Another analysis [2] used the same basic methods to estimate the benefits of adding economizer systems to the 50% of the U.S. office building stock without economizer systems. An economizer is a control system that increases the ventilation rate above a minimum value when the additional ventilation will reduce the energy needed for air conditioning [8]. Economizers increase annual-average ventilation rates while saving energy. The increase in ventilation rates with the addition of economizers and the energy savings from economizers were derived from energy simulations of office buildings with and without economizers. The estimated benefits of adding economizers were similar in magnitude to the benefits of increasing ventilation rates to 32 cfm per person, with total annual economic benefits of $12 to $22 billion. Most of the projected economic benefits were a consequence of increased work performance and decreased absence. Adding economizers was projected to reduce energy costs by approximately $0.15 billion. The estimated annualized installation cost for economizers, spread over the expected system lifetime, was $0.22 billion.

Figure 2. Two estimates of the benefits and costs of adding economizers in U.S. office buildings without economizers.

Very similar analysis methods were employed to evaluate the impacts of increasing ventilation rates or adding economizers in U.S. office buildings, using a hypothetical base case in which all offices currently have a minimum ventilation rate (when economizers are not activated) of 17 cfm per person [9]. The 17 cfm per person base rate is the required minimum ventilation rate for office space with the default occupancy density as prescribed in the key U.S. ventilation standard [1]. The estimated annual economic benefits were $13 billion for increasing minimum ventilation rates from 17 to 21 cfm per person, $38 billion for increasing minimum ventilation rates from 17 to 32 cfm per person, and $33 billion for increasing ventilation rates by adding outdoor air economizers for the 50% of the office floor area that currently lacks economizers. Benefits of increasing minimum ventilation rates due to improved work performance, reducing sick building syndrome symptoms, and reduced absence far exceeded energy costs, while adding economizers yielded health, performance, and absence benefits along with energy savings.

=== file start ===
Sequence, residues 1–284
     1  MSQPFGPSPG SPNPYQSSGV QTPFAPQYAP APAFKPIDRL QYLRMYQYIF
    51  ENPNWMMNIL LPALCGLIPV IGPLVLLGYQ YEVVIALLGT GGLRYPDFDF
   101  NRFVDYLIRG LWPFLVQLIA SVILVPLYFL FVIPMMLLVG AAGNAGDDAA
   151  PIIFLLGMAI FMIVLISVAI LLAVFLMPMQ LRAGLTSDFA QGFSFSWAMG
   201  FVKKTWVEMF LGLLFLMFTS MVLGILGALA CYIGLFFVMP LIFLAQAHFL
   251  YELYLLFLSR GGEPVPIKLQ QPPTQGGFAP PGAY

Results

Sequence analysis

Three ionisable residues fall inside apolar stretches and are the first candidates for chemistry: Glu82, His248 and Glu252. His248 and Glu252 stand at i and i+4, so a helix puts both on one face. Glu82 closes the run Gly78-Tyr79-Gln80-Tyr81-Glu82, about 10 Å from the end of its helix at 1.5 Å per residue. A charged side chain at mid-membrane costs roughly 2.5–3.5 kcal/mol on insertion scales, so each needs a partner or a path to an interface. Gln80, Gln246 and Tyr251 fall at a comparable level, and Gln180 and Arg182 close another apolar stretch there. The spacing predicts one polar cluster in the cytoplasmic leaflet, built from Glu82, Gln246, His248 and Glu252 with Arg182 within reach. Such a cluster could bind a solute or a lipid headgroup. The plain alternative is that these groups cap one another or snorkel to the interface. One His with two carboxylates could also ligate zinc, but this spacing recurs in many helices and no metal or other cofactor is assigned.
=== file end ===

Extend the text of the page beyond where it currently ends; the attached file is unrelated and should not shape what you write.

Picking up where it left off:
Minimum ventilation rates in most existing office buildings could be increased by adjusting dampers in air handling systems. In some buildings, the capacity of heating and cooling equipment may be insufficient to accommodate the increased heating and cooling loads during periods of severe cold or hot weather; however, benefits would be reduced only slightly if the increases in ventilation rates were scaled back during the infrequent times of most severe weather to make it unnecessary to change heating and cooling equipment. To increase ventilation rates by adding economizers, addition of new hardware and controls would be necessary. For many packaged heating, ventilating, and air conditioning (HVAC) systems, manufacturers offer economizers as an option that can be bolted on to the existing HVAC system. In site-built HVAC systems, retrofits would be more complex and costly, but economizers could easily be included when HVAC systems were replaced. Economizer failures are common and annual maintenance expenditures of approximately $0.2 billion might be needed to maintain proper economizer operation [9].